The iconic red telephone box was intended to be grey

The iconic red telephone box was intended to be grey

The classic red telephone box has been named the most iconic British design of all time, but did you know the designer of the famous kiosk wanted it to be grey?

Sir Giles Gilbert Scott, architect of Liverpool Cathedral, Cambridge Library, Battersea Power Station and the K2 and K6 phone boxes
Scott was inspired by the tomb of one of the greatest English architects; Sir John Soane

Sir Giles Gilbert Scott suggested the colour silver for his K2 model (left), and preferred a more neutral coloured exterior for the K6 (right). He first suggested “toned white,” but then changed his mind to “a warm, dove grey”.*

The K6 telephone box could have been white if Scott had had his way. This picture is actually of a Hull telephone box, they were white because Hull’s telecoms were private and not run by the Post Office. They were run by Hull Telephone Department (now KCOM)

He was, however, overridden by the Post Office, who wanted it in red. They reasoned that the telephone box needed to be “sufficiently conspicuous to be readily distinguished from its surroundings.” This decision to paint the telephone boxes red was endorsed by the Royal Fine Art Commission and the Councils for the Preservation of Rural England, Wales and Scotland.

One member of the CPRE said that it was a “functional colour,” like an exclamation mark in the landscape.

The only valid argument is that red, the good clean Post Office red, is a functional colour. The fact that I like it, and loathe the limp suggestion of a medium grey, is just an example of my personal taste…the vivid scarlet kiosk only appears to me as a piece of agreeable punctuation

John Gloag, design writer and member Central Executive Committee of the CPRE, 1936

Scott later conceded that the Royal Mail’s choice of red worked well in urban areas but maintained that it would be an eyesore in rural areas.

St.Mary’s Church, Wenvoe, Alan Hughes

I am more convinced than ever that bright red kiosks in an old village street or a village green will be an abomination.

Sir Giles Gilbert Scott, designer of the classic red telephone box [19 August 1935, POST 33/5155 (9)]

Scott’s predictions proved accurate and there was backlash against the bright red telephone boxes in many rural areas. In a letter to his MP in July 1936 Hubert Thornley, clerk for the North Riding of Yorkshire, claimed the “super pillar-box red” to be “like an evil deed in a good world”.

like an evil deed in a good world

Hubert Thornley, CLERK FOR THE NORTH RIDING OF YORKSHIRE, on the ‘pillar-box red’ colour chosen for telephone boxes, 1936

Following pressure from CPRE members and the House of Lords, in 1946 the Postmaster General organised a review of the colour.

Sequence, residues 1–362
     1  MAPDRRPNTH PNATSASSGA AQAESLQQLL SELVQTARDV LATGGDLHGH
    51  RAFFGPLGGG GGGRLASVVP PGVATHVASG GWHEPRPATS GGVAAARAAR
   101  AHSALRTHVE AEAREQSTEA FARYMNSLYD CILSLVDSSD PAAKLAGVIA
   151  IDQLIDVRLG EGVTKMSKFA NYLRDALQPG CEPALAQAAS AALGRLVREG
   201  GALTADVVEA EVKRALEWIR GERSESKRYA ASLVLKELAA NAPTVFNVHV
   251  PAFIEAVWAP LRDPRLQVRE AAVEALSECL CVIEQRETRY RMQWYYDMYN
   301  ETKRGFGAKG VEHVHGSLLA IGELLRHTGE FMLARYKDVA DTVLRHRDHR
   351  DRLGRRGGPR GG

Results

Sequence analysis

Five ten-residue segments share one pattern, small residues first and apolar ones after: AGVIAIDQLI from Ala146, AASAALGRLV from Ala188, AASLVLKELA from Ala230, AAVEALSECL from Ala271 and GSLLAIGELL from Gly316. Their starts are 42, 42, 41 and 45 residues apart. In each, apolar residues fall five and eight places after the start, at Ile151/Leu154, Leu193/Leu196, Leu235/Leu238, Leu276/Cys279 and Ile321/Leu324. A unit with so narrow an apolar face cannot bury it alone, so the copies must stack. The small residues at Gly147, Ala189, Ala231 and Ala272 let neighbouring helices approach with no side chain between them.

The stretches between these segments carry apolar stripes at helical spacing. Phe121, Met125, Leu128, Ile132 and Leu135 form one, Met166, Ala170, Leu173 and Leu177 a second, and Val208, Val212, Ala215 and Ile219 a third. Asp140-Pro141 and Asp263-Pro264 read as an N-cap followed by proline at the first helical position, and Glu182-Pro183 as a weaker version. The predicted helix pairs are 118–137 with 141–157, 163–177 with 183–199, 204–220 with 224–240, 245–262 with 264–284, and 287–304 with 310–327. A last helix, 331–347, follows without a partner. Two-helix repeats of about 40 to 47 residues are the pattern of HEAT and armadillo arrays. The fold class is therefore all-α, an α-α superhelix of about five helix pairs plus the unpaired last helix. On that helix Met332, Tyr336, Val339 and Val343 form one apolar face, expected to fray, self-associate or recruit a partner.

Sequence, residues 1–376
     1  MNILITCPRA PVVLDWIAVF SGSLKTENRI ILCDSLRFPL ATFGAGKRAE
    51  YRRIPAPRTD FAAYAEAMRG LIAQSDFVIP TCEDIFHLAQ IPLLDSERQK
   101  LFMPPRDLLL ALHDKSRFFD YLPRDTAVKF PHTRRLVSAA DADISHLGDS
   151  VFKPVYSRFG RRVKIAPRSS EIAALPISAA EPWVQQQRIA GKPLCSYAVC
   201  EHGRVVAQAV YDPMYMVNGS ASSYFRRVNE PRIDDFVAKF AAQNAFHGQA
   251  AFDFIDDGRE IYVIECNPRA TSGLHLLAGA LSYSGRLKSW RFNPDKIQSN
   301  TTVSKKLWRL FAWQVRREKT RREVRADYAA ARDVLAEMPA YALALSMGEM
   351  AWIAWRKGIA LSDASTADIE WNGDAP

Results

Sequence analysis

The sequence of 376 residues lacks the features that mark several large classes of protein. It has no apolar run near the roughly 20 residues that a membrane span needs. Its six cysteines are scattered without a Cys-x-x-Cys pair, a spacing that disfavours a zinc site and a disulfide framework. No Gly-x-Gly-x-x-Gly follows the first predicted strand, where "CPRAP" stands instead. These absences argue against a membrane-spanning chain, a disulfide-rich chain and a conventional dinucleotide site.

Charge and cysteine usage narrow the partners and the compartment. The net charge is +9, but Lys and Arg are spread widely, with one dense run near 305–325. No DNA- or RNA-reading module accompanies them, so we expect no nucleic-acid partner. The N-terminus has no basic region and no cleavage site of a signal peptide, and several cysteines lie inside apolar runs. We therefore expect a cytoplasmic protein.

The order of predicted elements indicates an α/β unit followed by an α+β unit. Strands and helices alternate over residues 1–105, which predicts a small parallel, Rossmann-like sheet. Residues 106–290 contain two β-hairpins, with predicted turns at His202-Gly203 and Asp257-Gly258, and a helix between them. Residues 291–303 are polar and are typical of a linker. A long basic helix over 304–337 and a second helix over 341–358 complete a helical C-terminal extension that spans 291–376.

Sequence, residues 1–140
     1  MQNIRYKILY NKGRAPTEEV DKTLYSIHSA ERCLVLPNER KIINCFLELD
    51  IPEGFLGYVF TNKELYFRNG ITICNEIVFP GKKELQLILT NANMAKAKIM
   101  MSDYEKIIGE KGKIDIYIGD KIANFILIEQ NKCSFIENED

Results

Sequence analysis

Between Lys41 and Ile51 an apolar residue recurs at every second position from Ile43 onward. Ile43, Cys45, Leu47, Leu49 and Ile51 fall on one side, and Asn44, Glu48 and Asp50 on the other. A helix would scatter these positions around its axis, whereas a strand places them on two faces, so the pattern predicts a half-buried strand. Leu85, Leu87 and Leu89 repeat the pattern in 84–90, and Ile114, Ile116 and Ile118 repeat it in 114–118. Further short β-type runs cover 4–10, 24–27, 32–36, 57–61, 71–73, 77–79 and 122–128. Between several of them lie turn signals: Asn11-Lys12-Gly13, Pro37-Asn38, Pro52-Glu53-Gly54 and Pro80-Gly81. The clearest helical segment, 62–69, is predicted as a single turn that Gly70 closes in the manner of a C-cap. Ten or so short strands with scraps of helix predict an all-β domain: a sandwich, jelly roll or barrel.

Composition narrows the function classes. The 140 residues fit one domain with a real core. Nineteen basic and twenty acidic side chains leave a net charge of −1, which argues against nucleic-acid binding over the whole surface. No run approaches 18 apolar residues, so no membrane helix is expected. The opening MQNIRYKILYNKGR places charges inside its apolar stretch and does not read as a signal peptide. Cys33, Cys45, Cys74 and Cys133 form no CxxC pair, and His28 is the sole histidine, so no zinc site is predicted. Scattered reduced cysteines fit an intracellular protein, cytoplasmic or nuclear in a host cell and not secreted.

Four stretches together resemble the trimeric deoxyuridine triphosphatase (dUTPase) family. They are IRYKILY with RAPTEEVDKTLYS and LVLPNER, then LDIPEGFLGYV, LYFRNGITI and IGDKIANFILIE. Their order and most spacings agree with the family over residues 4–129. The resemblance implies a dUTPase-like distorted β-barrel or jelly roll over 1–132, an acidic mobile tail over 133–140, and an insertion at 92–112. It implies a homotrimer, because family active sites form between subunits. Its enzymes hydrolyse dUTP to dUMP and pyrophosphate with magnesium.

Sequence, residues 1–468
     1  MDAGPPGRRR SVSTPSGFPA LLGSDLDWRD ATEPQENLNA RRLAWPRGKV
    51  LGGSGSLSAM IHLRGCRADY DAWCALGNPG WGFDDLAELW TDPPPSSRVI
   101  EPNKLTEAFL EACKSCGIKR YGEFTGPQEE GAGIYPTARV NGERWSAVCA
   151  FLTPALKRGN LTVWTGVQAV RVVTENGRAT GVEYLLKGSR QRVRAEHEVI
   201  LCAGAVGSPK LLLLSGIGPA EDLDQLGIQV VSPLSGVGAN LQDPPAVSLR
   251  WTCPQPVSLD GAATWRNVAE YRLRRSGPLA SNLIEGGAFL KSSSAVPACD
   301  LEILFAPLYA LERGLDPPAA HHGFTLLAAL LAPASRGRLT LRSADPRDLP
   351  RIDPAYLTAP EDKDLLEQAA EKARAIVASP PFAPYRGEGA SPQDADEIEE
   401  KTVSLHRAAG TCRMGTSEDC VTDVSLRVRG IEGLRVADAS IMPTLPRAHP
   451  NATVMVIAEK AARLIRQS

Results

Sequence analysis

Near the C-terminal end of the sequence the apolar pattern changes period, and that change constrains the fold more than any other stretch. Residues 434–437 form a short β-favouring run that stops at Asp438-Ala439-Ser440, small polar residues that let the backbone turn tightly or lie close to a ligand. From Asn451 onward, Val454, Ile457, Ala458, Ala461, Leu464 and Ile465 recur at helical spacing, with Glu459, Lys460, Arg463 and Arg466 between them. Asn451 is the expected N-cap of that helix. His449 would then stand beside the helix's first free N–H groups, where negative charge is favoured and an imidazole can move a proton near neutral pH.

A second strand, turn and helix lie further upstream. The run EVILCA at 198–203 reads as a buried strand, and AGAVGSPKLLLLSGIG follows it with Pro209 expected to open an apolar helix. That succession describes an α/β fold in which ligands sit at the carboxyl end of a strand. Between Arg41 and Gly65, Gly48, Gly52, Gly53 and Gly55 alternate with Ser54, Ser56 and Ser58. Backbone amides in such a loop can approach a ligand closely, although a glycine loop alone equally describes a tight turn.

Any colour as long as it’s red

Representatives of the Ministry of Town and Country Planning, the Royal Fine Arts Commission and the Council for the Preservation of Rural England gathered to look at new colours for the telephone box. They viewed six models painted in different colours; Post Office Red, Deep Brunswick Green, Middle Brunswick Green, Black, Light Battleship Grey, and Dark Battleship Grey. They kept the bars red (see last image).

Some of these demo models may have escaped into the wider area (and presumably had the red bars repainted over time)

In the end the 1946 committee decided to keep the red colour. The exception was for a few areas of natural beauty where there was much public opposition to the red colour, here they could allow the kiosks to be painted in dark battleship grey (see above right of a preserved telephone box in the historic town of Bath).

Thatched telephone boxes

In Eastbourne the council thought the red telephone boxes were not in keeping with the local buildings, so they insisted on having thatched roofs for their kiosks.

Thatched K1 telephone boxes in Eastbourne, 1925-1936


Feature photo by hwr888 in Courteenhall just south of Northampton. There are two explanations for this: in 1946 the CPRE arranged with the Royal Fine Arts Commission that in some rural areas of special beauty the kiosks could be painted grey. Courteenhall is on the National Heritage List for England so that would make sense. The other explanation is that the red paint has peeled away over time or been sanded away to reveal the grey undercoat.

*Public telephone kiosks: competition for improved design, Sir G Scott’s model adopted Kiosk No 2 or K2)
[15 May 1935, POST 33/5155 (7)]

The Grey Telephone Box? – The Travelling Carpenter

“You may telephone from here” – The story of the public call office, By George Orchin,
GPO Public Relations Department, Taken from Post Office Telecommunications Journal May – June 1954

Telephone kiosks – BT Archives November 2012

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